Less than one in a hundred. And if half of those dogs were vaccinated for lepto, then less than one in two hundred dogs in the US die of lepto.
But if it’s your dog who is the casualty, the statistics don’t matter, do they?
But hang on a minute, because …
What the vaccine manufacturer failed to mention was that the newer vaccines only protects against four of the over 230 serovars for leptospirosis (the older vaccines only protect against two). These four serovars are:
- Leptospira canicola
Now what’s interesting about the study is the serovars they found to be most commonly found in dogs:
“Antibodies were most common against serovars Autumnalis, Grippotyphosa, Pomona, and Bratislava.”
Notice how the vaccine only protects for half of the most common lepto serovars?
But you still might be saying you still want to go ahead and vaccinate your dog for lepto.
That’s cool … but do your dog a favor and read this last part before you do.
Lepto Vaccine Dangers
It’s important to realize that the lepto vaccine is not a core vaccine. Why is that?
Well, unlike the core vaccines (like parvo and distemper), many dogs aren’t really at risk for lepto. But it’s also likely because the lepto vaccine
- isn’t as effective
- doesn’t protect for as long (one year maximum)
- and is more dangerous than other vaccines.
Here’s what The World Small Animal Veterinary Association (WSAVA) has to say about the lepto vaccine:
Leptospira vaccines provide short-term immunity (e.g., 3–12 months) and the efficacy is often less than 70%. Also leptospira products often prevent clinical disease but fail to protect against infection and shedding of the bacteria, especially when infection occurs more than 6 months after vaccination. The immunity among the serovars varies and immunity varies among vaccinated dogs. Persistence of antibody after vaccination will often be only a few months and immunological memory for protective immunity is short (e.g. 1 year or less). Thus, revaccination may be required as often as every 6–9 months for dogs at high risk.”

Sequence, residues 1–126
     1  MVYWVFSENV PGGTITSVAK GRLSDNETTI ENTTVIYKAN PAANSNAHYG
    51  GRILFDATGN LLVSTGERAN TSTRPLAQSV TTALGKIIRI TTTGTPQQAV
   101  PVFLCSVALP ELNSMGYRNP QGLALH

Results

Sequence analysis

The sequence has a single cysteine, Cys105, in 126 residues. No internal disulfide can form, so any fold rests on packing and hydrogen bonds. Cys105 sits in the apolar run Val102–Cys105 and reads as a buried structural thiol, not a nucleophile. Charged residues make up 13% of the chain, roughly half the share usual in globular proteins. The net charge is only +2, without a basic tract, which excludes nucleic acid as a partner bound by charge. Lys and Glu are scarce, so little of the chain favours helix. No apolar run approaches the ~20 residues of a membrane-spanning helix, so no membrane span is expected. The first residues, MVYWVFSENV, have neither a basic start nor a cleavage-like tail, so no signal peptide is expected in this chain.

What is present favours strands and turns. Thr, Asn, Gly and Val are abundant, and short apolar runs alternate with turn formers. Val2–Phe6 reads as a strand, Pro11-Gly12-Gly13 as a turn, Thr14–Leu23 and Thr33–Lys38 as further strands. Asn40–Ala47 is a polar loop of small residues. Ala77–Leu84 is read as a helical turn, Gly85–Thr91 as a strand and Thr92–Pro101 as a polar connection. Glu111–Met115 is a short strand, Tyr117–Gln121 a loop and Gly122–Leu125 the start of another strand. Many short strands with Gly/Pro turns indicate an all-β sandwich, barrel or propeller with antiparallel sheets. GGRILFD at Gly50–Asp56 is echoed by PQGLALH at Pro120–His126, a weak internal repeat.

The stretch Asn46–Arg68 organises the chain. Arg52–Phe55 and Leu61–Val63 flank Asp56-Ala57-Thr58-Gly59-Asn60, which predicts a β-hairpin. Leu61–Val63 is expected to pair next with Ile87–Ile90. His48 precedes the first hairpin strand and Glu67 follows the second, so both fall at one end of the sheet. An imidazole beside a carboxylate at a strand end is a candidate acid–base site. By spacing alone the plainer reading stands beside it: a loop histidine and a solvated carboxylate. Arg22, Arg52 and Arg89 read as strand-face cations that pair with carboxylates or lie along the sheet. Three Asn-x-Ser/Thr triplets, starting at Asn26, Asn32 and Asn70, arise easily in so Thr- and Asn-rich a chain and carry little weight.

So that means that even if you vaccinate your dog for lepto, he’ll be completely unprotected for up to 9 months of the year.
And even for the three months your dog is protected, he’s only protected for four of the 230 servovars .. and certainly only for two of the most common four serovars.
Ultimately, the increasingly small chance of protecting your dog from lepto comes at a cost.
Not yet convinced? Here’s another reason to avoid the lepto vaccine, from our friend and veterinarian, Dr Patricia Jordan:
“If your dog is vaccinated for lepto, the antigens in the vaccines do the same harm to the immune system as possibly a natural infection. There have been cases of dogs having to go through dialysis also to save them and no Leptospira were found. The reason? The damage from the antigens in the vaccinations are just as capable as causing the disease pathology!”
Bet your vet didn’t mention that to you. But wait, there’s more …
“Vaccinating your dog can also destroy the kidney in 48 hours and in some cases, cause untreatable dermatitis. The damage from lepto vaccination to your dog’s immune system also includes the associated risk of cancer from the adjuvant (chemicals in the vaccine), and the same adjuvant is associated with upregulation of IgE and the consequence includes allergies, asthma, atopy, anaphylaxis and death.”
Vaccine researcher, Catherine O’Driscoll also found the following interesting relationship:
“In the 1996 Canine Health Concern vaccine survey 100% of dogs with leptospirosis had been vaccinated within three months prior to infection. This can only be because:
- The vaccine caused the disease, or
- The vaccine didn’t contain the serovar that caused the illness, or
- The vaccine contained a non-local serovar that the dog hadn’t adapted to, or it just didn’t work.”
So not only is the lepto vaccine riskier than the other vaccines … your vet will want you to give it to your dog more than three times as often as the core vaccines.
The WSAVA agrees:
“This product is associated with the greatest number of adverse reactions to any vaccine.”
Still want to vaccinate your dog for lepto?
If you do, I’ll leave you with this final thought that I pilfered from Judith DeCava’s book, “Vaccination: Examining the Record:”
A dog not vaccinated has ONE RISK: catching the disease.
The vaccinated dog has TWO RISKS; catching the disease and damage from the vaccine.